- What are partner institutions' "true" repayment rates? (More on the "true" repayment rate on our blog)
- What interest rates do partner institutions charge and how do these compare to other available interest rates?
- How do partner institutions monitor clients' potential over-indebtedness? What steps do partners take to prevent potential intimidation of clients by loan officers?
- What are partner institutions' dropout and retention rates? (More on the importance of dropout/retention rates on our blog)
- What are partner institutions' methods for targeting the very poor, and can they demonstrate that they are successfully doing so?
Details of our evaluations
We have evaluated the Grameen Foundation at three times. The Grameen Foundation applied for a grant in late 2009, we reviewed the Grameen Foundation's website in mid-2009, and the Grameen Foundation applied for a grant in late 2007. Details on each follow below.
2009 grant application
We reviewed the Grameen Foundation in late 2009 as part of our process for distributing $250,000 in funds to an economic empowerment organization in Sub-Saharan Africa.
Our review consisted of reviewing materials Grameen submitted in response to our questions and multiple phone conversations with staff members. Based on our review, we cannot confidently recommend the Grameen Foundation to donors.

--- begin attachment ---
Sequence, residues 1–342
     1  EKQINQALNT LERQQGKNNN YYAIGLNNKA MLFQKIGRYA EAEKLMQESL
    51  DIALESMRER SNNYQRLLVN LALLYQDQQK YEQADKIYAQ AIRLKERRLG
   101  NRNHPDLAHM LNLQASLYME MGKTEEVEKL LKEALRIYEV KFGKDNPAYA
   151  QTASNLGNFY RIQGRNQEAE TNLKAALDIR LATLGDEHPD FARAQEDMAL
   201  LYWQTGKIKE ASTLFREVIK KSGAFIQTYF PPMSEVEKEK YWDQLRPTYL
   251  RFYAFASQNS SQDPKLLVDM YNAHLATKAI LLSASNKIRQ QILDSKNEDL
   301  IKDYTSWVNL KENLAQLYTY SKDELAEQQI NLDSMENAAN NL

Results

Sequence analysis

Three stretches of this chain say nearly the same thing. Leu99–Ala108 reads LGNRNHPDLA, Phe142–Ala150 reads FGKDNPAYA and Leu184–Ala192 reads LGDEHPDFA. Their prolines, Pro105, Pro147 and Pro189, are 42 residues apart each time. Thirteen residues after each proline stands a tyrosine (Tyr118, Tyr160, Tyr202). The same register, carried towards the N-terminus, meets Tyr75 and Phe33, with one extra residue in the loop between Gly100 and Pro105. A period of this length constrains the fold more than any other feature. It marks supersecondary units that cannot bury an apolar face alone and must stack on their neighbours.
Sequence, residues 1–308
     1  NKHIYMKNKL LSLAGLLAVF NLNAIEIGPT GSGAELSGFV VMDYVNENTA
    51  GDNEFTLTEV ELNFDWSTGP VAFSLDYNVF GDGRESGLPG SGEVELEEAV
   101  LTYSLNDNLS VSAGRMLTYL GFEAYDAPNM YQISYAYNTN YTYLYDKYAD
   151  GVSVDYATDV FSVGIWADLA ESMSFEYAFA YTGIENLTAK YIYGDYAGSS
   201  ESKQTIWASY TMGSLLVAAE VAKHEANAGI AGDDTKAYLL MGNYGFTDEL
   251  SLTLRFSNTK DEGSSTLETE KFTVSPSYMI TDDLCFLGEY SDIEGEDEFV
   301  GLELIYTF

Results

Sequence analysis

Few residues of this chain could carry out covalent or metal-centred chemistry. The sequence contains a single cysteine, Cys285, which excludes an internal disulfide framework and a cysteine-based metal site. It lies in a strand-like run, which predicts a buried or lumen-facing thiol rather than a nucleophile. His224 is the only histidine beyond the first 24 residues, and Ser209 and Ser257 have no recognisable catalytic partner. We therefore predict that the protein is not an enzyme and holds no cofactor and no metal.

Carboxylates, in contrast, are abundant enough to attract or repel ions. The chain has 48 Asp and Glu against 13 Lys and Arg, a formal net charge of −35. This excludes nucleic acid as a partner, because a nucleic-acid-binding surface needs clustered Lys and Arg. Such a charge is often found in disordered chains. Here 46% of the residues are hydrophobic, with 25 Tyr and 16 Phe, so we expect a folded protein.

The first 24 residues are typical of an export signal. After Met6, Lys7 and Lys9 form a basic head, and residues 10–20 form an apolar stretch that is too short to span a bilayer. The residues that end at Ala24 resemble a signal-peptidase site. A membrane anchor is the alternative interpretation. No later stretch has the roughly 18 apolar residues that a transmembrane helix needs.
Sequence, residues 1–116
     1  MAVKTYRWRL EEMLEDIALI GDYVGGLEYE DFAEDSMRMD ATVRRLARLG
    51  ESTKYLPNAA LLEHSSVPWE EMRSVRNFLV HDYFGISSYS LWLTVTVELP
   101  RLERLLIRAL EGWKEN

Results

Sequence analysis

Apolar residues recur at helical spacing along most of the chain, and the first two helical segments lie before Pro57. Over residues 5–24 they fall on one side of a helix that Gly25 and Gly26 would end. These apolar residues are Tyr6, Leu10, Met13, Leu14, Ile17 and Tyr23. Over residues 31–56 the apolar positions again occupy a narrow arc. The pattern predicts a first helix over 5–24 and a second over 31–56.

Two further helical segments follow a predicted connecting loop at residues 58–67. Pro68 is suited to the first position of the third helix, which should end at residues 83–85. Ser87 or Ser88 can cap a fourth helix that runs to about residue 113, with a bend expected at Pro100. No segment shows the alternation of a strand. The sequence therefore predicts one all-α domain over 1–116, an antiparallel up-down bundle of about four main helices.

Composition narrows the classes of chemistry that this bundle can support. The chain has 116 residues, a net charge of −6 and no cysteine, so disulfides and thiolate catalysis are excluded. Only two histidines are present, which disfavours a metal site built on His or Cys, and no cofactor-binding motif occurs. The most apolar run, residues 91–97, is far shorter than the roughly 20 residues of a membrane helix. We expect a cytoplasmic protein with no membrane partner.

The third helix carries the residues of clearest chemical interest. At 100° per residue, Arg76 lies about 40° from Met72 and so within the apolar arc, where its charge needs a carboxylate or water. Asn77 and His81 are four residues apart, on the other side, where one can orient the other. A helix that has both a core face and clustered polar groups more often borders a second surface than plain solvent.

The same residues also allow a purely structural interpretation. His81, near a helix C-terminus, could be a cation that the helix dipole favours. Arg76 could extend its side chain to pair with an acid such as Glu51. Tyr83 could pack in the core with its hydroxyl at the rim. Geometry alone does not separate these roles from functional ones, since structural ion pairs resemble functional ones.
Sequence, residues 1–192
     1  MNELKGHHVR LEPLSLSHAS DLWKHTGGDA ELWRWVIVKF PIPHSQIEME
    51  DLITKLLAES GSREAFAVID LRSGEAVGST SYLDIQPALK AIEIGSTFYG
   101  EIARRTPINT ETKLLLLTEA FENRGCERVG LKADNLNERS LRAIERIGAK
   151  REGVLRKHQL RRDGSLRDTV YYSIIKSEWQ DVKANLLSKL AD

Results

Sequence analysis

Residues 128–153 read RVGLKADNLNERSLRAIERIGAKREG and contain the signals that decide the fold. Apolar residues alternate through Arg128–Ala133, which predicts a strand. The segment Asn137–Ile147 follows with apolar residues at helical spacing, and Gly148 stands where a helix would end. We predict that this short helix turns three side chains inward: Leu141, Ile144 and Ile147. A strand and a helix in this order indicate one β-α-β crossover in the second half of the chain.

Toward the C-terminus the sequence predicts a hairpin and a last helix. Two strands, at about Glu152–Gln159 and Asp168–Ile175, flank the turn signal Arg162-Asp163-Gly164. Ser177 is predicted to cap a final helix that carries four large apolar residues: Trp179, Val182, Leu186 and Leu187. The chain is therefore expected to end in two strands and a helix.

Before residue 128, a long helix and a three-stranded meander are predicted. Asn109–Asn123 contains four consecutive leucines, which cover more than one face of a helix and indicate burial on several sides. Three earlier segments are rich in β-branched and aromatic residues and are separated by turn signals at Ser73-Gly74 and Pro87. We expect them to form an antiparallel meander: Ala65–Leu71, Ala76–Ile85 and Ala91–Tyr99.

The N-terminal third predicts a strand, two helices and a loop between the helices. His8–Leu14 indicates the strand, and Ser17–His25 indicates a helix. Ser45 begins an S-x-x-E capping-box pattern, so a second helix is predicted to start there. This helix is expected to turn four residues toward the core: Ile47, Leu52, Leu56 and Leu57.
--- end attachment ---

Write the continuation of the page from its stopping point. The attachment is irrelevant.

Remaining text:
Due to a non-disclosure agreement we signed with the Grameen Foundation, we unfortunately cannot share the details of the documents they sent us. Interested donors should contact the Grameen Foundation directly.
- Grameen Foundation. Annual report (2008-2009).
- Grameen Foundation. Empowering the poor. http://www.grameenfoundation.org/what-we-do/empowering-poor (accessed May 4, 2010). Archived by WebCite® at http://www.webcitation.org/5pTqz8MK8.
- Grameen Foundation. Grameen heritage. http://www.grameenfoundation.org/who-we-are/grameen-heritage (accessed May 4, 2010). Archived by WebCite® at http://www.webcitation.org/5pTqrB5uW.
- Grameen Foundation. What we do. http://www.grameenfoundation.org/what-we-do (accessed May 4, 2010). Archived by WebCite® at http://www.webcitation.org/5pTqgSNd9.
- Jacobson, Rachelle, and Jill Chen. Grameen Development Associate and Acting Director, Capital Management and Advisory Center. Phone call with GiveWell (DOC), October 7, 2009.
2009 website review
In mid-2009, we reviewed the [[charityname]]'s website as part of a process to identify top international aid organizations. (How did we identify charities for review?) We reviewed Grameen Foundation's website to determine whether it met either of the following two criteria, which we believe indicate whether a charity is likely to eventually be able to meet our full criteria for a recommendation: (Why do we rely on information found on a charity's website?)